Portuguese Water Dog May Leap In Popularity Bo, the Portuguese water dog, makes its official public debut as the new White House pet. The Portuguese Water Dog Club of America says the new pup could cause a run on the breed.
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Portuguese Water Dog May Leap In Popularity

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Portuguese Water Dog May Leap In Popularity

Portuguese Water Dog May Leap In Popularity

Portuguese Water Dog May Leap In Popularity

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  • <iframe src="https://www.npr.org/player/embed/103070158/103070145" width="100%" height="290" frameborder="0" scrolling="no" title="NPR embedded audio player">
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Picking Bo to live in the White House is expected to boost interest in Portuguese water dogs. Pete Souza/The White House/AP hide caption

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Pete Souza/The White House/AP

Picking Bo to live in the White House is expected to boost interest in Portuguese water dogs.

Pete Souza/The White House/AP

Bo, the new presidential pup, makes its public debut Tuesday. The Portuguese water dog is a gift to the Obamas from Sen. Ted Kennedy (D-MA).

In 2008, according to the American Kennel Club, Portuguese water dogs were the 62nd most popular breed, ranking just ahead of the Japanese Shiba Inu. But with a Portie moving into the White House, that's expected to change.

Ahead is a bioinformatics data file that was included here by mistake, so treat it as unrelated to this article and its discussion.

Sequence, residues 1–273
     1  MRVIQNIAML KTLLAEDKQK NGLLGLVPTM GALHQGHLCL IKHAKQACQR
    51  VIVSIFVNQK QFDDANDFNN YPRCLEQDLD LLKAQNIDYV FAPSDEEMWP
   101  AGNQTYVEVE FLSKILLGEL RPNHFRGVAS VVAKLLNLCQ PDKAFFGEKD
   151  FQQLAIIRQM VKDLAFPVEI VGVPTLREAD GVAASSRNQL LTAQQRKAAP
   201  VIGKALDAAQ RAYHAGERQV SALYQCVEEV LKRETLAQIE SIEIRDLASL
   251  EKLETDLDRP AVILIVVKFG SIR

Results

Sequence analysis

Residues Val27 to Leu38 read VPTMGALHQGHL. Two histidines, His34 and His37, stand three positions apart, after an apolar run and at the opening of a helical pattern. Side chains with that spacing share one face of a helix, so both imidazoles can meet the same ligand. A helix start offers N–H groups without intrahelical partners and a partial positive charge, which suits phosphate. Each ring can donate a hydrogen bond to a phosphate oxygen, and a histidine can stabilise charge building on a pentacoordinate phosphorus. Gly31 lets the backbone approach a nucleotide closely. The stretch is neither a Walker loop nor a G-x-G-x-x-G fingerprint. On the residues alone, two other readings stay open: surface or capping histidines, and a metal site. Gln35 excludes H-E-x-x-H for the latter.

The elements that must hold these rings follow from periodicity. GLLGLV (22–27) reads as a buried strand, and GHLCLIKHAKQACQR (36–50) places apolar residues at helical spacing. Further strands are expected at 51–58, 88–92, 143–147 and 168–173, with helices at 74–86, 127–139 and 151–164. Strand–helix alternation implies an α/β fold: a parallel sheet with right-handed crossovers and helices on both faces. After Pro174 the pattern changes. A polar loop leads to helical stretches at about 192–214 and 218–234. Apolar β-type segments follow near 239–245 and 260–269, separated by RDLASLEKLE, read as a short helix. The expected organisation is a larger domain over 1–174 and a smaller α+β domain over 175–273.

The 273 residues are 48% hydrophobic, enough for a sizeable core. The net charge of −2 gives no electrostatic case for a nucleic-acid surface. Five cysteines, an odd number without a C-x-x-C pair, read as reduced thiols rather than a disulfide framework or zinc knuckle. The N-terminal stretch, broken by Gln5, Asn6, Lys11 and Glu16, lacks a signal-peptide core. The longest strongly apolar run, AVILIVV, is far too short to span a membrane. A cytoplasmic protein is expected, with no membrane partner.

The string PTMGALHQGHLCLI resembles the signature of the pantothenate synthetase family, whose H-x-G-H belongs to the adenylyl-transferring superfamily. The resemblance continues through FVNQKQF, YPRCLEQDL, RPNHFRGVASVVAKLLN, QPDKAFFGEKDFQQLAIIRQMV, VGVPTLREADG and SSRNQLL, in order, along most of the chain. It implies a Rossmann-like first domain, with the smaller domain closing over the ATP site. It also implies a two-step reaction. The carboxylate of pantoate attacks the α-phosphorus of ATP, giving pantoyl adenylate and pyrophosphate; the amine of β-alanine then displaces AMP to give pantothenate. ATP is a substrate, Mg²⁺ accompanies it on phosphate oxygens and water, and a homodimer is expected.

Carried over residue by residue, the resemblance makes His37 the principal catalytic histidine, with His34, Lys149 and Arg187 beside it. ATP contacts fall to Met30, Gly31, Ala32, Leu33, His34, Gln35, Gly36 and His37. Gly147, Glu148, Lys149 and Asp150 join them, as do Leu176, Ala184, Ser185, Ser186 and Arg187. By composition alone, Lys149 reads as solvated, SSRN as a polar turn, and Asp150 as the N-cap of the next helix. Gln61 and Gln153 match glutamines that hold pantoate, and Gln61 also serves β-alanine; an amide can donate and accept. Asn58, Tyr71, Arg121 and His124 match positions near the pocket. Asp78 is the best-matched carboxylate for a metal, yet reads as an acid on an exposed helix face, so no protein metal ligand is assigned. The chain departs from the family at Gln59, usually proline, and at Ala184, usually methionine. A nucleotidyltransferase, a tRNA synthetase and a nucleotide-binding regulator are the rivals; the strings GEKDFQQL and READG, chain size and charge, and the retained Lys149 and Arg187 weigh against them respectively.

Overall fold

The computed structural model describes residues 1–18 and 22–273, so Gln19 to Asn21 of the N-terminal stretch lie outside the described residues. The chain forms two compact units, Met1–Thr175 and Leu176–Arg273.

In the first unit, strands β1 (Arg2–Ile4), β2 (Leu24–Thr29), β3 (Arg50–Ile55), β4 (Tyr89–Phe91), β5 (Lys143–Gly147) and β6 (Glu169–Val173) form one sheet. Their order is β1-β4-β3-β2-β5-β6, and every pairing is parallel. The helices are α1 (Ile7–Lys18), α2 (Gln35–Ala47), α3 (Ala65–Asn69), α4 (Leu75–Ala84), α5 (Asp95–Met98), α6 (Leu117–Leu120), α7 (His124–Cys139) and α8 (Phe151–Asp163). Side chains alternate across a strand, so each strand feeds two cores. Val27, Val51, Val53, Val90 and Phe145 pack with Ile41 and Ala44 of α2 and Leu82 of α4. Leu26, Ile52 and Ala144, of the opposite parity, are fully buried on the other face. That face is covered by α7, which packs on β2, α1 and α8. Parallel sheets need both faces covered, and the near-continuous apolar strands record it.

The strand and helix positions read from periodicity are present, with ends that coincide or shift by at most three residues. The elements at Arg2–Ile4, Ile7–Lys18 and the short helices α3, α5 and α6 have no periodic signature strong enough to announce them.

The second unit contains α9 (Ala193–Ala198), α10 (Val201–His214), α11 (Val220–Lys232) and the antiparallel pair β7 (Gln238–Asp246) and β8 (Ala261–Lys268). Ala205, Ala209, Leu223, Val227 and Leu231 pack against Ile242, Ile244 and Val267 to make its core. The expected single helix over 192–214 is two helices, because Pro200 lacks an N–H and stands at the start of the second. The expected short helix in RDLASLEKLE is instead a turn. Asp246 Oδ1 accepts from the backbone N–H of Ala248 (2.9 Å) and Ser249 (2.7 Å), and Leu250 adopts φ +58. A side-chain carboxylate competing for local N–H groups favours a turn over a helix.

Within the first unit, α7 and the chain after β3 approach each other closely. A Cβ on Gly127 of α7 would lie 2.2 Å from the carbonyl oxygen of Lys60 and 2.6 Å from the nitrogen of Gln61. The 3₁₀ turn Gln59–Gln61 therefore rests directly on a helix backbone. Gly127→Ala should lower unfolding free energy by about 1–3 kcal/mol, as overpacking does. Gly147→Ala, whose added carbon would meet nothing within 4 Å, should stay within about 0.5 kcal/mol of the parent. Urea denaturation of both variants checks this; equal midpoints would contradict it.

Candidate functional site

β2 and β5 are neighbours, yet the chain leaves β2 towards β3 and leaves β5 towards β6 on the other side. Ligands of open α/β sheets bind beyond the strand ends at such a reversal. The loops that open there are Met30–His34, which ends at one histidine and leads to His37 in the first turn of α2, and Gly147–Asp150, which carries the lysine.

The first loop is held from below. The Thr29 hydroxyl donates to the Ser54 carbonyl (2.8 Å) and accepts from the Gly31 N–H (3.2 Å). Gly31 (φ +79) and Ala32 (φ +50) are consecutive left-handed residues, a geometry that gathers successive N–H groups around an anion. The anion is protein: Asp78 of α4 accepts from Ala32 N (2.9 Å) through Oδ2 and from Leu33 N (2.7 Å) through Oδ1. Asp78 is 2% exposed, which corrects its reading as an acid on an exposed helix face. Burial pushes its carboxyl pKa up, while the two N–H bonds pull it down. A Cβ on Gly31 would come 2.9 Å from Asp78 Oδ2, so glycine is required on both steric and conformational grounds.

Stu Freeman, president of the Portuguese Water Dog Club of America, says his group is ready for what's expected to be a surge of interest in the breed.

"We've prepared for the onslaught of hits to the Web site, for instance, and then questions to the breeders list, as to 'Can I come see them?'

"And that's exactly what we would encourage — that if people are interested in Portuguese water dogs, and there are going to be a lot of them, is that they go through the breeders list and they go visit the breeder and visit the dogs and see whether they like them or not."

Meanwhile, despite the fact that Bo has been sequestered at puppy boot camp with Kennedy's dog trainer since March, at six months, the dog is still pretty unpredictable.

"It's a toddler with four legs. That's all it is, whether it's 6 months or 9 months or 4 months, it's still a baby, and they need to understand that and not be too impatient and expect too much," says Matthew "Uncle Matty" Margolis, a California-based dog trainer and host of a series of PBS dog-training specials. He says the real learning starts now for the first family, who are first-time dog owners.

"The good news is they don't know the wrong thing to do," Margolis says. "They can't say, 'My other dog did this.' The bad news is it's all about 'What do we think? We should try this, try that, and we'll get 5,000 bits of information from everybody who's an expert, and the poor little guy's going to be confused.' "

The White House declined to have its dog trainer interviewed, but the first family is expected to have plenty of expert help.